Japan Geoscience Union Meeting 2019

Presentation information

[J] Oral

A (Atmospheric and Hydrospheric Sciences ) » A-CG Complex & General

[A-CG37] Science in the Arctic Region

Thu. May 30, 2019 10:45 AM - 12:15 PM 303 (3F)

convener:NAOYA KANNA(Arctic Research Center, Hokkaido University), Masashi Niwano(Meteorological Research Institute), Tetsu Nakamura(Faculty of Environmental Earth Science, Hokkaido University), Shunsuke Tei(Arctic Research Center, Hokkaido University), Chairperson:Shunsuke Tei(Arctic Research Center, Hokkaido University), Masashi Niwano(Meteorological Research Institute)

11:30 AM - 11:45 AM

[ACG37-10] Meltwater discharge and flooding of the outlet stream of Qaanaaq Glacier, northwestern Greenland

*Ken Kondo1,2, Daiki Sakakibara3,2, Shungo Fukumoto1,2, Shin Sugiyama2 (1.Graduate School of Environmental Science, Hokkaido University, 2.Institute of Low Temperature Science, Hokkaido University, 3.Arctic Research Center, Hokkaido University)

Keywords:Glacier, Greenland, Surface mass balance, Freshwater runoff

Glacial meltwater discharge is increasing in Greenalnd under recent warming climate. As a consequence, floods and damages on infrastructures are reported at outlet streams of land terminating glaciers. For instance, discharge from Qaanaaq Glacier in northwestern Greenland rapidly increased on 21 July 2015 and 2 August 2016, leading to floods of a proglacial stream and destruction of a road between a settlement and Qaanaaq Airport. To better understand the mechanisms of the flood events at Qaanaaq Glacier, we investigated meteorological conditions during the 2015 and 2016 events by using AWS operated on the ice cap at 944 m a.s.l. (SIGMA-B) (Aoki et al., 2014). We performed field measurements in the summer 2017 and 2018 to investigate melting process of Qaanaaq Glacier and the response of the outlet discharge. These data were combined with surface mass balance of Qaanaaq Glacier observed from 2012 to 2018 to analyse the cause of floods in 2015 and 2016.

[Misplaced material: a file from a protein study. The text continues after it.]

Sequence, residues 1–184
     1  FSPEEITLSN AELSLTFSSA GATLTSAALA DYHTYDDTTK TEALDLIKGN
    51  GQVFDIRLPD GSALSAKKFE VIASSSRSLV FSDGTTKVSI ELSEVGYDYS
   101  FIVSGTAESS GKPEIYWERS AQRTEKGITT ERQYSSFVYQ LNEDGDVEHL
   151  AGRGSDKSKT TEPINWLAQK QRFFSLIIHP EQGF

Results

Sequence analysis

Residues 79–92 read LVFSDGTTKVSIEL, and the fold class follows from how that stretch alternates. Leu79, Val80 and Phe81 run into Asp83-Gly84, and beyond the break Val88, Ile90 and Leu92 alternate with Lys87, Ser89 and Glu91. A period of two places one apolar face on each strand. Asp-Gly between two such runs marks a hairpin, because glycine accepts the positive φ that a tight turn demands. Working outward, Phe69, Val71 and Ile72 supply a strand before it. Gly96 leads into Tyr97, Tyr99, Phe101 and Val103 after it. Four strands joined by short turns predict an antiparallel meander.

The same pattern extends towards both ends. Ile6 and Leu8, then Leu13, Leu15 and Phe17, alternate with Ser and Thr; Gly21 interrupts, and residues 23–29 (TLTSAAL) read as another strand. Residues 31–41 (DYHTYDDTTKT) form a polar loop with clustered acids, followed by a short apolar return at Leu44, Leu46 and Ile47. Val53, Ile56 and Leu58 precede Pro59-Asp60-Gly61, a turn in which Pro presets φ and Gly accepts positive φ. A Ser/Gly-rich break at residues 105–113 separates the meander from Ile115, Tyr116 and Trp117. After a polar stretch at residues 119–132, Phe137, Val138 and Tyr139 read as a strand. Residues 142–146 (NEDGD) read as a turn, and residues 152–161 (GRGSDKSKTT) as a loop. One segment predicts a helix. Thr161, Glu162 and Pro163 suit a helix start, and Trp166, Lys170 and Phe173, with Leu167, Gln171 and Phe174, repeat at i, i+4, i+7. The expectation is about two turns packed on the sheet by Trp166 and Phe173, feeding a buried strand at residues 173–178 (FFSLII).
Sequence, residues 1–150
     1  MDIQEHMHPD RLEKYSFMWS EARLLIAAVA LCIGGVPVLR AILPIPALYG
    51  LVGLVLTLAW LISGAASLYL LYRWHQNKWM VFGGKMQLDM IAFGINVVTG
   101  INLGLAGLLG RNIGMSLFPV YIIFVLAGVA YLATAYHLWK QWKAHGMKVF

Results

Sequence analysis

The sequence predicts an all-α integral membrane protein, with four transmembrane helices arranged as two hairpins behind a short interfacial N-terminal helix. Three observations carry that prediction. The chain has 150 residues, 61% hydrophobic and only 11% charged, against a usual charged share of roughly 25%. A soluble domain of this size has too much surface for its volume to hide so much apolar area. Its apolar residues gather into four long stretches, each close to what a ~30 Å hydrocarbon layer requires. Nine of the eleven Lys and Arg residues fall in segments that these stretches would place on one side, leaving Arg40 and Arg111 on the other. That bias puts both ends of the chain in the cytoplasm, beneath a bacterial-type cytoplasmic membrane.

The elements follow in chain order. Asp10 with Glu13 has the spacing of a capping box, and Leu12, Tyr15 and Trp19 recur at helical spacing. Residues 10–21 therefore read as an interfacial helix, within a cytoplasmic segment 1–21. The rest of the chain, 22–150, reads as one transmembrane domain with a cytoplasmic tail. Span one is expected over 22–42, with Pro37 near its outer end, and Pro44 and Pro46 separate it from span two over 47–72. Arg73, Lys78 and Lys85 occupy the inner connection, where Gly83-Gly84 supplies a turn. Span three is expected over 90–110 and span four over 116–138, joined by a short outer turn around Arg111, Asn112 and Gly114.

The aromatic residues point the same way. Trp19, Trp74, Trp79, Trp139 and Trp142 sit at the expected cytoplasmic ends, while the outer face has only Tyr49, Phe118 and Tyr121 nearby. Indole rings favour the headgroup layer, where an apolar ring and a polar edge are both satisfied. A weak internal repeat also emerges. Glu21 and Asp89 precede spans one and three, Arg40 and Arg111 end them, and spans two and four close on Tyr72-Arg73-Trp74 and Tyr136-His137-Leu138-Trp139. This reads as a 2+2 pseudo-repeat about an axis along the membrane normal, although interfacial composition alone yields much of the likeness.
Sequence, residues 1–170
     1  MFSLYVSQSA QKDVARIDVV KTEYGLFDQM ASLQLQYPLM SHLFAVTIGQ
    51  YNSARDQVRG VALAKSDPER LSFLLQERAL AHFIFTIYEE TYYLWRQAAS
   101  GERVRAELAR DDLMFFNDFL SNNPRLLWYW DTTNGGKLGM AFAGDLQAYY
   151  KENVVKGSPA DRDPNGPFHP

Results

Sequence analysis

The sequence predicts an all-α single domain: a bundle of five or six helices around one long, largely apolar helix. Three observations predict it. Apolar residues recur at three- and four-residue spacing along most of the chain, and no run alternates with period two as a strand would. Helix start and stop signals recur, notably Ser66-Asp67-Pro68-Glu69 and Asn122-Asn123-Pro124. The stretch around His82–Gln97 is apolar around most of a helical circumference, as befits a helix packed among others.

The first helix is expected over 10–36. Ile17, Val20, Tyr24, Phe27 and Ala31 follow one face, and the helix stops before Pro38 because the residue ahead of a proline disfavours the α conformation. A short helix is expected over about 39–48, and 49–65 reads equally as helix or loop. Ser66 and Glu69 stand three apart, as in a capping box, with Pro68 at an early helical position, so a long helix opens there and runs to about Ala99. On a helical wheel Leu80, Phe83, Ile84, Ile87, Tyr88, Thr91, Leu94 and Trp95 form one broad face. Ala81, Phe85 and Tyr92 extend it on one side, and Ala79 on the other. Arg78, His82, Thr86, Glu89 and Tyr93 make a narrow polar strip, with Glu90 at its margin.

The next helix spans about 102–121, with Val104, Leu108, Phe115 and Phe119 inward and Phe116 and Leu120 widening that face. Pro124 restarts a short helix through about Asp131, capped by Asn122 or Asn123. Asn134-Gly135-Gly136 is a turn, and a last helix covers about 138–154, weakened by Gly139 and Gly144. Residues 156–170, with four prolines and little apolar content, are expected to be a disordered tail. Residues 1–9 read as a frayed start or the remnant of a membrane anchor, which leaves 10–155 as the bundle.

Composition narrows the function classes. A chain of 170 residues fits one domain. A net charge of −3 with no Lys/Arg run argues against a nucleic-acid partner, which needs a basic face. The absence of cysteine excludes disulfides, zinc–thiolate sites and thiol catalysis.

Surface mass balance was significantly more negative in 2015 and 2016 as compared to the other years. Glacier wide mass balance was −0.76±0.13 m w.e. in 2014/2015 and -0.28±0.7 m w.e. in 2015/2016. Before the floods, daily mean temperature rose above 5 °C for 5 days in 2015 and above freezing for almost a month in 2016 at SIGMA-B. Such warm conditions caused intensive melting over the entire glacier, resulting in saturation and disappearance of snowpack from the glacier below 950 m a.s.l. In addition to large exposure of ice surface, heavy rainfall (90 mm d1) occurred on the date of the flood in 2016. we assume that the exposed ice surface helped immediate runoff of a large amount of rainwater. These analyses suggested the loss of snow cover played a key role in the flood events in 2015 and 2016.

We measured discharge from Qaanaaq Glacier from 21 July to 3 August 2017. Stream discharge rapidly increased on 28 July 2017, leading to a peak value of 8.11 m3 s1. From 21 to 28 July, snowline elevation rose from 500 to 650 m a.s.l. after intensive melting. Runoff measured before the peak discharge accounted for only 60 % of the estimated total glacier melt, indicating the rest of meltwater remained in snowpack on the glacier. These data suggested snowpack was saturated with meltwater, and rapidly released water during the period of rapid melting and upglacier snowline migration. Together with data obtained by similar measurements in 2018, we conclude that saturation and disappearance of snowpack are the key to predict rapid increase in stream discharge and flooding.

Aoki, T., S. Matoba, J. Uetake, N. Takeuchi, and H. Motoyama (2014), Field activities of the “Snow Impurity and Glacial Microbe effects on abrupt warming in the Arctic” (SIGMA) Project in Greenland in 2011-2013, Bull. Glaciol. Res., 32, 3–20.